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Megan McArdle

The Road Not Taken: What If Infrastructure Were Actually Planned?

Megan McArdle sits down with an expert on the subject: her dad.
Top priority. Theoretically.
Photographer: Jonathan Alcorn/Bloomberg

If there’s one thing that seemingly every politician can agree on, it’s the awesomeness of infrastructure. But this conversation is often distressingly vague. We do not, after all, build “infrastructure”; we build roads, tunnels, bridges, power plants, water projects, sewers and rail systems. Each of these has individual costs and benefits that have to be weighed against each other; they cannot be approved or disapproved in a giant lump, like motherhood or apple pie.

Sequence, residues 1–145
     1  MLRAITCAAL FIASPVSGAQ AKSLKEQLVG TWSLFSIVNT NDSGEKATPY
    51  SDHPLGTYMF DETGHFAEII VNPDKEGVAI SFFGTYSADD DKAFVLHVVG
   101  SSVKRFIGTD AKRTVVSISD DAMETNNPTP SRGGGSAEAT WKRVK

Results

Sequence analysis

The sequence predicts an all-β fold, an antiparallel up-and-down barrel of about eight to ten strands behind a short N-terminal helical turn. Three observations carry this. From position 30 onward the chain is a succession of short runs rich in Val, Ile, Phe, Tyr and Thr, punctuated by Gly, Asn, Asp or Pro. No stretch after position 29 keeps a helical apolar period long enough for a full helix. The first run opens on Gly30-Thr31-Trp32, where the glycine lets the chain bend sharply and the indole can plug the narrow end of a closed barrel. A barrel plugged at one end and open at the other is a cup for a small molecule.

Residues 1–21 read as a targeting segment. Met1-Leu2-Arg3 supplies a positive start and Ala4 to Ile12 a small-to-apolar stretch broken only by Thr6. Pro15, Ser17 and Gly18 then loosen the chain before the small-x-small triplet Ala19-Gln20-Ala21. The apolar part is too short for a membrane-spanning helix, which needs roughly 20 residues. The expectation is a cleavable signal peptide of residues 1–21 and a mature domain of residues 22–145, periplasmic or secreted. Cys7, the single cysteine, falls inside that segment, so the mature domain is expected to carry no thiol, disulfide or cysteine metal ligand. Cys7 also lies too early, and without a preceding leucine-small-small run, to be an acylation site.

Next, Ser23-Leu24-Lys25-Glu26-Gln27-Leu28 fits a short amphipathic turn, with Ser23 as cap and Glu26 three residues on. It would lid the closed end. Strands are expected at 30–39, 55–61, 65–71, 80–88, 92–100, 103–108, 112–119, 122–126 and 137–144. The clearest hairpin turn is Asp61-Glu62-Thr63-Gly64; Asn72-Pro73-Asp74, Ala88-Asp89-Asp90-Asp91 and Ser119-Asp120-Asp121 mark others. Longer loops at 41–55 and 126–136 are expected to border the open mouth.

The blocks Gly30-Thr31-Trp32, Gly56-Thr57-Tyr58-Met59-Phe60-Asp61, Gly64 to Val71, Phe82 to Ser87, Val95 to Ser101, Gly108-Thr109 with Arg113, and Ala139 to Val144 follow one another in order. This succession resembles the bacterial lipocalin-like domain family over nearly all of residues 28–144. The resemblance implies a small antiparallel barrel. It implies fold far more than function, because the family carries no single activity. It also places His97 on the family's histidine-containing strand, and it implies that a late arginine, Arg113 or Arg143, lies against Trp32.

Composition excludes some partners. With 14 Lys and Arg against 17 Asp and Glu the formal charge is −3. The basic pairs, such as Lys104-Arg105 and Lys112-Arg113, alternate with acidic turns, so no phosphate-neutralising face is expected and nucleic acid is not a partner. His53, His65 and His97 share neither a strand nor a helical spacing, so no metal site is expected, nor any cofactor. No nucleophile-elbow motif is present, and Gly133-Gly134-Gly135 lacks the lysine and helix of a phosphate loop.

I find this frustrating because I grew up in a household with an infrastructure maven. My father, Frank McArdle, served as the first commissioner of New York’s Department of Environmental Protection. Then he spent 20 years leading a trade association for the heavy construction industry in New York, which is to say, the people who build all that great infrastructure. In 2007, he was appointed to the Senate's National Surface Transportation Policy and Revenue Study Commission, whose final report you can read here